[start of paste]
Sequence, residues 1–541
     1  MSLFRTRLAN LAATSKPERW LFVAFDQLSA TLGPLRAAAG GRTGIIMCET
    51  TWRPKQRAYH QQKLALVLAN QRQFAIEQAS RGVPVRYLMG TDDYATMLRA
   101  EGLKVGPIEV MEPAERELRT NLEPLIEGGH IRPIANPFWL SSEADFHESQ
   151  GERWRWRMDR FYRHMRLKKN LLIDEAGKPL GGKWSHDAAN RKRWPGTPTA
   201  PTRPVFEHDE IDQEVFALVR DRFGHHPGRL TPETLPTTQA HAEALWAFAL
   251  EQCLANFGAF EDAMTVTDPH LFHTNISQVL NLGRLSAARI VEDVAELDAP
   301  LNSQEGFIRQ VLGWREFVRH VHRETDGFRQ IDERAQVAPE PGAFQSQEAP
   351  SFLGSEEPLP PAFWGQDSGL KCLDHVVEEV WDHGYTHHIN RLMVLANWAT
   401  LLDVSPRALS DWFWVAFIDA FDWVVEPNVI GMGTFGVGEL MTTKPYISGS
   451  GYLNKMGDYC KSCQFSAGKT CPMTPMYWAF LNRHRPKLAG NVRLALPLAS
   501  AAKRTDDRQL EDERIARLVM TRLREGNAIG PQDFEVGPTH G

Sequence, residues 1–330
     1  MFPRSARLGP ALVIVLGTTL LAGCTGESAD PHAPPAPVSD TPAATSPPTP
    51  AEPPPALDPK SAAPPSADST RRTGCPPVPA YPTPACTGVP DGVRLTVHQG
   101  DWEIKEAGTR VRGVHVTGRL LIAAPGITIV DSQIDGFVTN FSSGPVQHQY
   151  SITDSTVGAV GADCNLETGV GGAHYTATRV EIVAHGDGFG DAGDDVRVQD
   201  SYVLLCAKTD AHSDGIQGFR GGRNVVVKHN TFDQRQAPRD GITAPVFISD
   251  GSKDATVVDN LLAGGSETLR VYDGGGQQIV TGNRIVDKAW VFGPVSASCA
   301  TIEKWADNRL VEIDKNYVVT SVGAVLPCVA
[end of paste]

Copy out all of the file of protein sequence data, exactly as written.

Sequence, residues 1–541
     1  MSLFRTRLAN LAATSKPERW LFVAFDQLSA TLGPLRAAAG GRTGIIMCET
    51  TWRPKQRAYH QQKLALVLAN QRQFAIEQAS RGVPVRYLMG TDDYATMLRA
   101  EGLKVGPIEV MEPAERELRT NLEPLIEGGH IRPIANPFWL SSEADFHESQ
   151  GERWRWRMDR FYRHMRLKKN LLIDEAGKPL GGKWSHDAAN RKRWPGTPTA
   201  PTRPVFEHDE IDQEVFALVR DRFGHHPGRL TPETLPTTQA HAEALWAFAL
   251  EQCLANFGAF EDAMTVTDPH LFHTNISQVL NLGRLSAARI VEDVAELDAP
   301  LNSQEGFIRQ VLGWREFVRH VHRETDGFRQ IDERAQVAPE PGAFQSQEAP
   351  SFLGSEEPLP PAFWGQDSGL KCLDHVVEEV WDHGYTHHIN RLMVLANWAT
   401  LLDVSPRALS DWFWVAFIDA FDWVVEPNVI GMGTFGVGEL MTTKPYISGS
   451  GYLNKMGDYC KSCQFSAGKT CPMTPMYWAF LNRHRPKLAG NVRLALPLAS
   501  AAKRTDDRQL EDERIARLVM TRLREGNAIG PQDFEVGPTH G

Sequence, residues 1–330
     1  MFPRSARLGP ALVIVLGTTL LAGCTGESAD PHAPPAPVSD TPAATSPPTP
    51  AEPPPALDPK SAAPPSADST RRTGCPPVPA YPTPACTGVP DGVRLTVHQG
   101  DWEIKEAGTR VRGVHVTGRL LIAAPGITIV DSQIDGFVTN FSSGPVQHQY
   151  SITDSTVGAV GADCNLETGV GGAHYTATRV EIVAHGDGFG DAGDDVRVQD
   201  SYVLLCAKTD AHSDGIQGFR GGRNVVVKHN TFDQRQAPRD GITAPVFISD
   251  GSKDATVVDN LLAGGSETLR VYDGGGQQIV TGNRIVDKAW VFGPVSASCA
   301  TIEKWADNRL VEIDKNYVVT SVGAVLPCVA